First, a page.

You are not permitted to download, save or email this image. Visit image gallery to purchase the image.
Today, we feature former Otago man Grant Howie, who made his name on ice and is now in lecture theatres in England. Hayden Meikle gets in touch with him for a chat.
Q. Where do you live?
I currently live in Bristol, a city about a two-hour drive west from London near the border of Wales. I arrived in Bristol in September last year. It’s been a whirlwind! What I really enjoy about living in this part of the world is how close everything is. In the hour and a-half it takes to fly to Auckland from Dunedin, I could be in Germany, Switzerland, Denmark, the Netherlands, Spain, Portugal, Norway ... the options are insane. It makes saving pretty difficult.
Q. What do you do for a job?
I am a lecturer at the University of the West of England (UWE) where I teach a range of subjects on linguistics (why and how we speak the way we do) and writing mechanics. I love teaching and the university environment. My job is rather flexible in that I can often work out of the office when I’m not teaching so long as I’m connected to the internet. I also really enjoy the research part of my work where I get involved with people in the community asking about language use and running acoustic analyses on dialects in this area. There are so many dialects here compared to New Zealand — almost every town has a slightly different way of speaking and people here are very good a perceiving people’s origins.
This is a big question. I think the things that shaped my life the most were my skating career and the connections and friendships that developed from it (constant falling and getting back up is certainly a good lesson to transfer to other areas of life), and my PhD journey. I got to spend a lot of time in South Africa and it was amazing, beautiful and eye-opening. It certainly gives you a different perspective when you get home and you realise that we have it pretty good in New Zealand. It certainly changed the way I perceived everything around me and made me want to explore more — and so I am out here now enjoying living abroad and experiencing new things and trying to travel as much as I can.
Q. Outside work, what do you like to do?
I enjoy exploring as much as I can and trying food everywhere. It’s difficult without a car but I have been getting around. Trains and buses are better here and flights are ridiculously cheap. $NZ60 return to Dublin, Ireland? Yes, please! $NZ100 to Reykjavik in Iceland? Why not? There are still many places to check out but I think that Scotland will be my next destination. The boulangeries and the cheese in France, the sweets in Belgium, and the pasteis in Portugal — you can’t really go wrong with new food in Europe.
Portugal was amazing when I was there but so far my favourite country that I have visited is Wales, just next door. The people are lovely, I love the language (when you hear it) and there are hills — it reminds me of home a bit. Except the castles ... there are castle ruins everywhere you look. There is so much to explore and it’s easy to lose hours to castle-hunting when you’re out sight-seeing. Also, Welsh cakes are to die for — if anyone is heading to Cardiff in the near future, the fresh Welsh cakes from the Cardiff indoor market are the best I have tasted yet.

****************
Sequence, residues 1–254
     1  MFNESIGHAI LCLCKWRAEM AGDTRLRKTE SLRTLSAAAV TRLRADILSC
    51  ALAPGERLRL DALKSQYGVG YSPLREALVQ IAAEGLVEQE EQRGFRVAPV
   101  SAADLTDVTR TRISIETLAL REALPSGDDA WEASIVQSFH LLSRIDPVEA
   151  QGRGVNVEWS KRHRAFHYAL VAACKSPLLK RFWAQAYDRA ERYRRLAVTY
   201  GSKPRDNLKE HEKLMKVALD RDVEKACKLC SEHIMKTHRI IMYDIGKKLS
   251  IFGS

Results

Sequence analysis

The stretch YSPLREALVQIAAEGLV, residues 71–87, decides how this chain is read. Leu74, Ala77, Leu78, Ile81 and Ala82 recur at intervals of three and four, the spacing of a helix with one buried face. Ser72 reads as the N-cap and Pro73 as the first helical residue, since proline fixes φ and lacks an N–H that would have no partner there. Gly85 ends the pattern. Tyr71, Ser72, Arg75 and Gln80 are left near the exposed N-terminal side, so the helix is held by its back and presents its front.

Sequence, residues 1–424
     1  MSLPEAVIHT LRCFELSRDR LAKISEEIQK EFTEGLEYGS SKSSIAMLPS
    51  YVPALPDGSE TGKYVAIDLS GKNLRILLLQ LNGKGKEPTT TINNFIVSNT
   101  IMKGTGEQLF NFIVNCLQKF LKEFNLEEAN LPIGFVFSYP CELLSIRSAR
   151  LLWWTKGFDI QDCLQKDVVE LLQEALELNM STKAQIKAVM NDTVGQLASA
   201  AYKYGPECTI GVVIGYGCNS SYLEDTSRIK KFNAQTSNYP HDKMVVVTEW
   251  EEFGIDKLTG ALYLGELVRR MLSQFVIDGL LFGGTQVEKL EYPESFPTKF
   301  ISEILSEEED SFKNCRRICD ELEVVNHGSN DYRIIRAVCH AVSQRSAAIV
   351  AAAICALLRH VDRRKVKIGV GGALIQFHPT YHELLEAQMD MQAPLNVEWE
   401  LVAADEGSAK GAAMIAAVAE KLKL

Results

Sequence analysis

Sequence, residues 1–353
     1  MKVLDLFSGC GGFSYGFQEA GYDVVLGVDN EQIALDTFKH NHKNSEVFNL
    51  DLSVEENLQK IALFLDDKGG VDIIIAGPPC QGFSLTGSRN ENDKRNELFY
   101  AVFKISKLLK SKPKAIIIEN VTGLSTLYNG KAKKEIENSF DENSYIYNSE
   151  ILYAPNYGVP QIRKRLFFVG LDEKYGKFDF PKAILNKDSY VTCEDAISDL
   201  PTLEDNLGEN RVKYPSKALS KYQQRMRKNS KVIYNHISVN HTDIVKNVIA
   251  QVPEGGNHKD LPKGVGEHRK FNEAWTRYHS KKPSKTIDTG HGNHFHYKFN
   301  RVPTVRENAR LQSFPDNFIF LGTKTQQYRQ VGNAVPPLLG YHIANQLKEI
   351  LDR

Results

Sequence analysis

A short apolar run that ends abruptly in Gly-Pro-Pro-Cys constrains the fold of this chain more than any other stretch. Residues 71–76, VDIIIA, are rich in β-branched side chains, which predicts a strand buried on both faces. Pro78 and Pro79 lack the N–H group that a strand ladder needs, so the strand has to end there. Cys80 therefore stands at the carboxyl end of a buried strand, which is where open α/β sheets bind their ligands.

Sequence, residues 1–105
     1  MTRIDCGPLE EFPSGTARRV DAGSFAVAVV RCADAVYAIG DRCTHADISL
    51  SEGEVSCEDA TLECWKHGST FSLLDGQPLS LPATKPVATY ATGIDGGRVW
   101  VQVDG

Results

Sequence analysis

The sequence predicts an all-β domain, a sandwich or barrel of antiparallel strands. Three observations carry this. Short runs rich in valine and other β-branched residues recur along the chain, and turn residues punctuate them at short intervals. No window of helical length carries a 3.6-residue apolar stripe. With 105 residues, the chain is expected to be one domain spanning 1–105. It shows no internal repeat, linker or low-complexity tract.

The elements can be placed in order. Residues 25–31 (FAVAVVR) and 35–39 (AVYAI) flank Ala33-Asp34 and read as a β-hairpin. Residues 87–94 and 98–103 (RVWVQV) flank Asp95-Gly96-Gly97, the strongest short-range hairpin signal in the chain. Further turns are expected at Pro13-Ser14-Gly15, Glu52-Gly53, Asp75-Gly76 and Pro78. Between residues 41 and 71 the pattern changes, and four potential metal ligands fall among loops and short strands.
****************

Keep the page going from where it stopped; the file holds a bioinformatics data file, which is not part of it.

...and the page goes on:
Q. Where are you from originally?
I am originally from Alexandra, where I lived until I was 13. I moved to Gore for my skating when I was a teenager to practice year-round on the ice and eventually left for university in Dunedin for my undergrad. I have since lived in Auckland, Sydney, back to Dunedin for my PhD, and then moved out here.
Q. What are your favourite memories of growing up or studying/working here?
I loved my time living in Dunedin during my undergrad and my PhD because people are so friendly. I miss the general friendly nature of Kiwis and feeling safe everywhere. Besides the people in general, my favourite memories go towards my time coaching in Dunedin and all my wonderful skaters and fellow coaches that I left behind when I moved here. Watching my skaters succeed on a national level and seeing them achieve their goals — there still is nothing quite like it. It was like leaving half of my soul behind as there is no rink in Bristol so I’m very much out of touch with the skating side of my life at the moment. It’s a great feeling when you see university students understand a concept they’ve been struggling with for a while, but it’s still not the same was watching your skater fall hundreds of times before they land a jump just once.
Q. Where will you be in five years?
I’m honestly not sure! I’m pretty shocking at planning ahead that far. I’m really enjoying my work here and I still have many places to explore, but with the current government determined to leave the EU and the subsequent fallout from that, I might be coming home sooner than I expected. I definitely want to get involved in coaching again and continue my career in academia.